University of Hawaii at Manoa Library

These exhibits are available for viewing during normal library hours.

2010 Science & Technology Department Exhibits

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Y of Sex

January 1, 2010 - February 28, 2010

Did you know? Until the 1900s scientists could not answer the age-old question: Why was a person born male or female?

For time immemorial, myths, rumors, religions, and old wives tales had tried to answer the question. It was commonly believed that females determined (somehow) the sex of their children, and as a consequence, they were blamed, divorced and even executed for failing to produce male offspring (King Henry VIII is rumored to have had Anne Boleyn beheaded for not producing a male heir).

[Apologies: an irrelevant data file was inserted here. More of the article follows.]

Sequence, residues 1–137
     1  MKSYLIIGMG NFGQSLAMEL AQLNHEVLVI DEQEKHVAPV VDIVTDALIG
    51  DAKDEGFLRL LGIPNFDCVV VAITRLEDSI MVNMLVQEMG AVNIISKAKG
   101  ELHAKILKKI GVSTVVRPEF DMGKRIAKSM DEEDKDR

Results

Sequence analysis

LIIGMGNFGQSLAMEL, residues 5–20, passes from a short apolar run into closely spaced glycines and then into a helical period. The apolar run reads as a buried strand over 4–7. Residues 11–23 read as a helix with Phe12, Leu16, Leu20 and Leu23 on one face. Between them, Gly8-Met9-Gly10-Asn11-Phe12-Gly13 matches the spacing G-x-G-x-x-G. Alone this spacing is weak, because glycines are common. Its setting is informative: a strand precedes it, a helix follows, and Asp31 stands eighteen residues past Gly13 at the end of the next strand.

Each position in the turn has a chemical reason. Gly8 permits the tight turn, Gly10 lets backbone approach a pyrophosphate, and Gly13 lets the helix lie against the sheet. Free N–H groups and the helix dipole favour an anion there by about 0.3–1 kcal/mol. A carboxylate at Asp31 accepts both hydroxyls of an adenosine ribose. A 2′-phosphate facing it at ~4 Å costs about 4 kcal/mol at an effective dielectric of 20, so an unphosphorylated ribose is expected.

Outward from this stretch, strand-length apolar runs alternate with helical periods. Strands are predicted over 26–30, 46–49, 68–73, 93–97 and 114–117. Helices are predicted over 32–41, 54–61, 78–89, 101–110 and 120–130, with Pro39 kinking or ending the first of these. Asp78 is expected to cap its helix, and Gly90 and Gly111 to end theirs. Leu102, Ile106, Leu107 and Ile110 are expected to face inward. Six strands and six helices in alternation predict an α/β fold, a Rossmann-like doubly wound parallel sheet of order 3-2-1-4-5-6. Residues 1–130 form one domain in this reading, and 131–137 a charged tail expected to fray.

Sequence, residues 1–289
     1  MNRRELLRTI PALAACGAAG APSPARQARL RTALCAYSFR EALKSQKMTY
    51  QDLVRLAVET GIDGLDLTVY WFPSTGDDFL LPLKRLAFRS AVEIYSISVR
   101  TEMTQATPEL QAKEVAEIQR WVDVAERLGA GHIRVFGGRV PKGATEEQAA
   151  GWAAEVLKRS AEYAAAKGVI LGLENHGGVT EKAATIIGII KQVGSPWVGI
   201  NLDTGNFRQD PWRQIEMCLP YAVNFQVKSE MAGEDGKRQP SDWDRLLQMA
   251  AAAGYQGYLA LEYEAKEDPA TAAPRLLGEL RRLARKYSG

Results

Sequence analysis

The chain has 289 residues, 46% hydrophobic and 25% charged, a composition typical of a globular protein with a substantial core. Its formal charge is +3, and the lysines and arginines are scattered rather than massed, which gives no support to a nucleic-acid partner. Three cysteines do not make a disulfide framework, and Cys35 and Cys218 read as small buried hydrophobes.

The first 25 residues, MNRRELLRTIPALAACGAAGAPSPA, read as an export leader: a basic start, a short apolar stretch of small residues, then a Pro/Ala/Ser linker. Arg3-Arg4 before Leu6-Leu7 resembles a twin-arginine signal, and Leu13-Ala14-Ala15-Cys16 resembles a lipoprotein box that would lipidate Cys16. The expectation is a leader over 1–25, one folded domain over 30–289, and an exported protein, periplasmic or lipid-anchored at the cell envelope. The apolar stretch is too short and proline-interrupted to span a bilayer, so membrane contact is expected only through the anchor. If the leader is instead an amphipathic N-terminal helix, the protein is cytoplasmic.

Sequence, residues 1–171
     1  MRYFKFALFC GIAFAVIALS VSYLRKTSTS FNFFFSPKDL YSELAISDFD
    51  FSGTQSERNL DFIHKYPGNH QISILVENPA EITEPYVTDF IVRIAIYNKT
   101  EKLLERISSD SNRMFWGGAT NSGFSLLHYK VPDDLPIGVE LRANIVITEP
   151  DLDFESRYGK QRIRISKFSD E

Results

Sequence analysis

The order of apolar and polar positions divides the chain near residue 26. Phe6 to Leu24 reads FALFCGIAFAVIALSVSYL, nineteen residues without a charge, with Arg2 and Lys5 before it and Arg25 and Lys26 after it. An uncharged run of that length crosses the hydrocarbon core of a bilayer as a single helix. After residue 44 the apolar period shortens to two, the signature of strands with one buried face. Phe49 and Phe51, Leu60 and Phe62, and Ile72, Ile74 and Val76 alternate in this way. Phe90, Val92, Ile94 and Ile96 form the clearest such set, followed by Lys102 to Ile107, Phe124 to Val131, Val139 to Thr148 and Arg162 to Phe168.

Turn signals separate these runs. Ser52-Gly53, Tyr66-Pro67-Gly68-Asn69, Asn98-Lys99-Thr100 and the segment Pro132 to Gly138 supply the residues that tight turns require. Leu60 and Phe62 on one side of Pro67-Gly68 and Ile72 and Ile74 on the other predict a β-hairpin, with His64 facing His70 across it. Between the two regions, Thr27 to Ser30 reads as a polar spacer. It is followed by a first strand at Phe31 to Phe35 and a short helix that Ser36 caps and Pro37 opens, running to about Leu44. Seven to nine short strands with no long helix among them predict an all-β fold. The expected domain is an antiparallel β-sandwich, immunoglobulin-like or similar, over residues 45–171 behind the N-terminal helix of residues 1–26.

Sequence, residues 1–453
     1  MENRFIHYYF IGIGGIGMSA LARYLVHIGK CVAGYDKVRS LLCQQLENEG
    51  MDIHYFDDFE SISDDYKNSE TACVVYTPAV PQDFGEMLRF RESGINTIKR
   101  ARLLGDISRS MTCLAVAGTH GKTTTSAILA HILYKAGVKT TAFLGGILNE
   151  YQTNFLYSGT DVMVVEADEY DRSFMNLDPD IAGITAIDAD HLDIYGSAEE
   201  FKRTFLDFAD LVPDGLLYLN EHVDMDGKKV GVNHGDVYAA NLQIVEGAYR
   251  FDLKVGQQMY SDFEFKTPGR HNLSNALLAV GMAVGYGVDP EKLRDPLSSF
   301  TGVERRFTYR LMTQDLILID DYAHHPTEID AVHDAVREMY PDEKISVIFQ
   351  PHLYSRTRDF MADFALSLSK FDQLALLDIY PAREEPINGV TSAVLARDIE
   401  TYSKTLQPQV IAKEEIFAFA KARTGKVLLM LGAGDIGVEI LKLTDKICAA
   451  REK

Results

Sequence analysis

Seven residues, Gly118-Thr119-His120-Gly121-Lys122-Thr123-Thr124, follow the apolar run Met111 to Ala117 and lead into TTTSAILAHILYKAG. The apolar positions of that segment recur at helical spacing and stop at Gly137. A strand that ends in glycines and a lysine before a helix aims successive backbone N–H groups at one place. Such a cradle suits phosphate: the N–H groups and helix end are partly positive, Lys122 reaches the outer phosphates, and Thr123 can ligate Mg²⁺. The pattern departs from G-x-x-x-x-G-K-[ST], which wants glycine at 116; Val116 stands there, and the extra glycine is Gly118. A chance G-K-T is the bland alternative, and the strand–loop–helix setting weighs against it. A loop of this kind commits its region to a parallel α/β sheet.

In 1905, Nettie Maria Stevens, an American scientist, was the first to discover that sex was determined by our chromosomes, namely, the Y chromosome that is only present in the genetic makeup of males. However, today's textbooks fail to mention Stevens and her discovery and assign credit to one of her male colleagues.

Visit SciTech's Y of Sex display and learn:

  • what a detailed map of all your 23 chromosomes look like
  • Stevens worked as a librarian for several years
  • Stevens obtained both her BS and MS degrees within 2 years at Stanford University
  • about the Stevens/Wilson controversy over who should be credited with discovering the chromosomal determination of sex
  • 1.7% of human births are intersex (humans whose biological sex cannot be classified as either male or female)
Y of Sex

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